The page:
From the cave walls at Lascaux to the last painting by Van Gogh, from the works of Shakespeare to those of Mark Twain, there is clear evidence that crows and ravens influence human culture. Yet this influence is not unidirectional, say the authors of this fascinating book: people profoundly influence crow culture, ecology and evolution as well. John Marzluff and Tony Angell examine the often surprising ways that crows and humans interact. The authors contend that those interactions reflect a process of 'cultural coevolution'. They offer a challenging new view of the human-crow dynamic, a view that may change our thinking not only about crows but also about ourselves. Featuring over 100 original drawings, the book takes a close look at the influences people have had on the lives of crows throughout history and at the significant ways crows have altered human lives.
John M. Marzluff is Denman Professor of Sustainable Resource Sciences and professor of wildlife science, College of Forest Resources, University of Washington. Tony Angell is an artist and writer living in Seattle, Washington. Together the authors combine more than 60 years of scientific and artistic fascination with crows and their bird relatives.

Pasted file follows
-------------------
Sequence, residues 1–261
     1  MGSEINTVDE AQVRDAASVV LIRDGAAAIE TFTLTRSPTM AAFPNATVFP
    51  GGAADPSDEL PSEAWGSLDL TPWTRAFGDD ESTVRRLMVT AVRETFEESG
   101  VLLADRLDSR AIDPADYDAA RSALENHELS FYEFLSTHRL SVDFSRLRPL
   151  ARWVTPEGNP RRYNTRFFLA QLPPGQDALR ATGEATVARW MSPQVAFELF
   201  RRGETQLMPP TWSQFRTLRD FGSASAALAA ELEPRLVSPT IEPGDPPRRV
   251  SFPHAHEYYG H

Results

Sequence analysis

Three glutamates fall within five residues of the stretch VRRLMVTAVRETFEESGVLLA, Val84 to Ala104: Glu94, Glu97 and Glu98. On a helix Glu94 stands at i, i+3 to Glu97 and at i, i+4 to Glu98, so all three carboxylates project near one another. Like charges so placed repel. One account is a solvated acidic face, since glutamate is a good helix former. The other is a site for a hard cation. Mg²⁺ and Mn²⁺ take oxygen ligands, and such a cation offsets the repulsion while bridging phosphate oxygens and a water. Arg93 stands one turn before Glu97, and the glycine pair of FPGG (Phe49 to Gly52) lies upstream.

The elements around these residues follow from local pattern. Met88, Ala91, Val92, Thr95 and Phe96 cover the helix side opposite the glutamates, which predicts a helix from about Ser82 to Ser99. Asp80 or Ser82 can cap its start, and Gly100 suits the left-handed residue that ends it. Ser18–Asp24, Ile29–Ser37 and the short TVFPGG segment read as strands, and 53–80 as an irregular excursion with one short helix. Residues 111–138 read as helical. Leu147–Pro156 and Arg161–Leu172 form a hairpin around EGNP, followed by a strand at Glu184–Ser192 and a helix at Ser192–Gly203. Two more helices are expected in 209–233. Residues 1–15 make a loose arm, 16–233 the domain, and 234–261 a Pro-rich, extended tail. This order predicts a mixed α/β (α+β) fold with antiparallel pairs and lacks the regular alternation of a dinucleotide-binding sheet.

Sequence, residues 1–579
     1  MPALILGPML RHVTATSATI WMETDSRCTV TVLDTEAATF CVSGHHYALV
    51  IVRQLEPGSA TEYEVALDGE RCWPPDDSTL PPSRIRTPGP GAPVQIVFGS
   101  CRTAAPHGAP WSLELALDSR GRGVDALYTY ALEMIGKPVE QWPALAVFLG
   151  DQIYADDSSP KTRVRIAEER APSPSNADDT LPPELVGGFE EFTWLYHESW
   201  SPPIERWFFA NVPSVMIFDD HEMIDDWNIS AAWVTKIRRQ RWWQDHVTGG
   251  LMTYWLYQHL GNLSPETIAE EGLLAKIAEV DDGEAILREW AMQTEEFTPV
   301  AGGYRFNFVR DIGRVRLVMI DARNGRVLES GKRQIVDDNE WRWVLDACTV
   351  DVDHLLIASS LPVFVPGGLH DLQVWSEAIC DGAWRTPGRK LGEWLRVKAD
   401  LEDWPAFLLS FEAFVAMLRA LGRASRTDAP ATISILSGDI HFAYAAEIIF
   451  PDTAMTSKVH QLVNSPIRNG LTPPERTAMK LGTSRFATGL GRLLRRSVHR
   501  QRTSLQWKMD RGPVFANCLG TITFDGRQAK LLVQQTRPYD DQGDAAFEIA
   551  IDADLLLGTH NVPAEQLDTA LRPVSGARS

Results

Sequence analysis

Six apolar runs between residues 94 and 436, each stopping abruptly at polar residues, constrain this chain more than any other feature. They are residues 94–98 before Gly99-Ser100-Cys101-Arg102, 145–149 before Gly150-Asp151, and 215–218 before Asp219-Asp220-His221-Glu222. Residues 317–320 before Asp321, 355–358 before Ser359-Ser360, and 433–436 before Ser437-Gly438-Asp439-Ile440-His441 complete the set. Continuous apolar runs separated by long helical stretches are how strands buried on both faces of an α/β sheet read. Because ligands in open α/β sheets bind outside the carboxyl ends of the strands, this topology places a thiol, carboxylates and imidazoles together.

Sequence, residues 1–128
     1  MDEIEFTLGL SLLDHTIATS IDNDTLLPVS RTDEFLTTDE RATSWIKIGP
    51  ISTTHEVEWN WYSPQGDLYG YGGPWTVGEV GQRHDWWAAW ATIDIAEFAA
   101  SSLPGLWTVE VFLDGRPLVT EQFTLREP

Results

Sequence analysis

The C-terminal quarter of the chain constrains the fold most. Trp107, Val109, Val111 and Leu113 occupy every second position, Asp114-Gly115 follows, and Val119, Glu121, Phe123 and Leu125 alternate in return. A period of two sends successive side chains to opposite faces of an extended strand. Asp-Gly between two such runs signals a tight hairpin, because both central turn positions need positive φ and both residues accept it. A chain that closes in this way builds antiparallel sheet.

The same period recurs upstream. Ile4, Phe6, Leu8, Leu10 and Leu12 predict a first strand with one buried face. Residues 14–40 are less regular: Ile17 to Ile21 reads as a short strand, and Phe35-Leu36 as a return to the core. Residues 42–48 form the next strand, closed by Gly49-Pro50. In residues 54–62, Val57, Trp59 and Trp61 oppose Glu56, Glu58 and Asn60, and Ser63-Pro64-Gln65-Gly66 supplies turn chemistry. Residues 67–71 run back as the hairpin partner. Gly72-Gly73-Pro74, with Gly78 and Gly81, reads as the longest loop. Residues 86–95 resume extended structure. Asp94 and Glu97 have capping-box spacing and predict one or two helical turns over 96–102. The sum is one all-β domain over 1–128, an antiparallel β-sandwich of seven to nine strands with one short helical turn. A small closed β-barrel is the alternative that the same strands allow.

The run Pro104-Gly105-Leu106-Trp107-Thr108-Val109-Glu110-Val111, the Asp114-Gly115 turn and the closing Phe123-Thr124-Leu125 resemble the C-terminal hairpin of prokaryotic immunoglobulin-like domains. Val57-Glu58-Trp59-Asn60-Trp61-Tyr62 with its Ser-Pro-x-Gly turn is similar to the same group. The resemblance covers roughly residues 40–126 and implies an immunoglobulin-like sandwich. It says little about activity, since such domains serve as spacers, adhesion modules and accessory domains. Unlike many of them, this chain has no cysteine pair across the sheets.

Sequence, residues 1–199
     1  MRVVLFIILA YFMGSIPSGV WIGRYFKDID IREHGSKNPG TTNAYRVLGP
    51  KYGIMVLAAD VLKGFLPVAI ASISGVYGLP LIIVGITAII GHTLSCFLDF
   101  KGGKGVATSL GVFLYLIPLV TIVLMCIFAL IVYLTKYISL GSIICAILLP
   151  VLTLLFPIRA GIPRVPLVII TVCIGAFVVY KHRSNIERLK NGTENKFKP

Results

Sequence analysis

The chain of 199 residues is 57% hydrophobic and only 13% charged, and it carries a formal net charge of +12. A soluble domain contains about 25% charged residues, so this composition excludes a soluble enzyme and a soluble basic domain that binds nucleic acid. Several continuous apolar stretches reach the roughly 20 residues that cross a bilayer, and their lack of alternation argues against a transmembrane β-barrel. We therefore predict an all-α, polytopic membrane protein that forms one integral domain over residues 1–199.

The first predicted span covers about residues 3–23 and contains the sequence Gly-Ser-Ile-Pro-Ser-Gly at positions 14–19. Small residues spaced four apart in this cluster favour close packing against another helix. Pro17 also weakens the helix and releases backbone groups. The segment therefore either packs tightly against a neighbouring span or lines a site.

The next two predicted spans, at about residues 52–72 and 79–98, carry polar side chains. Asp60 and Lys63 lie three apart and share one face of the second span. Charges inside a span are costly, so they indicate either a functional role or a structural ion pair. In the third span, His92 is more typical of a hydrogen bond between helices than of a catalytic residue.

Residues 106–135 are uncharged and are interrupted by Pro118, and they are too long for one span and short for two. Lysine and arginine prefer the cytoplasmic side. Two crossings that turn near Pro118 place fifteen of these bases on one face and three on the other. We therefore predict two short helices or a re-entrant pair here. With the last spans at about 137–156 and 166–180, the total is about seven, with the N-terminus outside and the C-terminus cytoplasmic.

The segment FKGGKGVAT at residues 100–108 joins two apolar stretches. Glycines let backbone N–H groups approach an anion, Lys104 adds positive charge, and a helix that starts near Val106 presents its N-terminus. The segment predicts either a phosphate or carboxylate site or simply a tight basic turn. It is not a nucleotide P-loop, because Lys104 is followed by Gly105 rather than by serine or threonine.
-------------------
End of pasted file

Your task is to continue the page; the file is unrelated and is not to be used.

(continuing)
'Crows and people share similar traits and social strategies. To a surprising extent, to know the crow is to know ourselves.' from the Preface 'This is a work bursting with fresh ideas, rich in speculation, while also managing to survey, in highly accessible terms, the full spectrum of research into this fascinating bird group. BBC Wildlife Magazine '... engrossing...' Rebecca Solnit, London Review of Books '... a book rich in descriptive language and juicy with insight and biological detail.' New Scientist 'There is a wealth of folklore, biology and anecdote here about all species of crows - a cornucopia of corvid memorabilia. This is a well-researched, fascinating book to read, evocatively illustrated by Angell's charming idiosyncratic scraperboards.' Tim Birkhead, Times Literary Supplement"